Thank you for using the timer - this advanced tool can estimate your performance and suggest more practice questions. We have subscribed you to Daily Prep Questions via email.

Customized for You

we will pick new questions that match your level based on your Timer History

Track Your Progress

every week, we’ll send you an estimated GMAT score based on your performance

Practice Pays

we will pick new questions that match your level based on your Timer History

Not interested in getting valuable practice questions and articles delivered to your email? No problem, unsubscribe here.

It appears that you are browsing the GMAT Club forum unregistered!

Signing up is free, quick, and confidential.
Join other 500,000 members and get the full benefits of GMAT Club

Registration gives you:

Tests

Take 11 tests and quizzes from GMAT Club and leading GMAT prep companies such as Manhattan GMAT,
Knewton, and others. All are free for GMAT Club members.

Applicant Stats

View detailed applicant stats such as GPA, GMAT score, work experience, location, application
status, and more

Books/Downloads

Download thousands of study notes,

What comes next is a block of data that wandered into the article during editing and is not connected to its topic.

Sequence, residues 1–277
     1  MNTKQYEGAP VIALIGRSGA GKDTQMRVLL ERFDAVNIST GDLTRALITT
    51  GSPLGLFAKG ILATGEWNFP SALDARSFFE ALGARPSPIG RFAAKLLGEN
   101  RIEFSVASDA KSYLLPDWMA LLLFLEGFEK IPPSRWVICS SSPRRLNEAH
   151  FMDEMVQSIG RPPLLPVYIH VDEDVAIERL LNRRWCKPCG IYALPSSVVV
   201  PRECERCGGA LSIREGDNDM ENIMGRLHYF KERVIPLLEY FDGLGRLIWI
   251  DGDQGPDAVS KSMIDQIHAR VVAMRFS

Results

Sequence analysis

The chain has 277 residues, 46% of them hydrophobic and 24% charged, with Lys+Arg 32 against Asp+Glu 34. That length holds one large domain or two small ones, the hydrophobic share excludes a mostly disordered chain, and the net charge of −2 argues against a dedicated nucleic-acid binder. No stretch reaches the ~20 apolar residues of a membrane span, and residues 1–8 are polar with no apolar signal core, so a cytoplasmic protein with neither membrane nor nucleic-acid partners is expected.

question collections, GMAT Club’s
Grammar and Math books.
All are free!

Thank you for using the timer!
We noticed you are actually not timing your practice. Click the START button first next time you use the timer.
There are many benefits to timing your practice, including:

100% (01:02) correct
0% (00:00) wrong based on 0 sessions

HideShow timer Statistics

This topic is locked. If you want to discuss this question please re-post it in the respective forum.

1) x^2 + y^2 > Z^2

X^2, Y^2, Z^2 are always positive numbers, so squaring on both sides does not have any effect on the inequality i.e (x^2 + y^2)^2 > (Z^2)^2 X^4 + Y^4 + 2X^2Y^2 > Z^4

All the values mentioned above are positive numbers. So obviously X^4 + Y^4 > Z^4

2) X + Y > Z

In this scenario nothing is mentioned about X, Y & Z. They might be either positive or negative numbers.

Lets suppose X= 1, Y = 1, Z = -50

2> -50

squaring both sides, 4< 2500. Squaring again will retain the same inequality as both the sides have positive numbers

X^4 + Y^4 < Z^4

but if X, Y, Z are +ve then X^4 + Y^4 > Z^4 holds true.

So 1 alone is sufficient but 2 is not required and the answer is "A".

Re: DS Inequalities Problem for Math Wiz [#permalink]

Show Tags

23 Jul 2009, 23:08

Aleehsgonji wrote:

1) x^2 + y^2 > Z^2

X^2, Y^2, Z^2 are always positive numbers, so squaring on both sides does not have any effect on the inequality i.e (x^2 + y^2)^2 > (Z^2)^2 X^4 + Y^4 + 2X^2Y^2 > Z^4

All the values mentioned above are positive numbers. So obviously X^4 + Y^4 > Z^4

2) X + Y > Z

In this scenario nothing is mentioned about X, Y & Z. They might be either positive or negative numbers.

Lets suppose X= 1, Y = 1, Z = -50

2> -50

squaring both sides, 4< 2500. Squaring again will retain the same inequality as both the sides have positive numbers

X^4 + Y^4 < Z^4

but if X, Y, Z are +ve then X^4 + Y^4 > Z^4 holds true.

So 1 alone is sufficient but 2 is not required and the answer is "A".

No offence but neither is the approach to this problem correct nor is the solution.

Lets start with the first statement: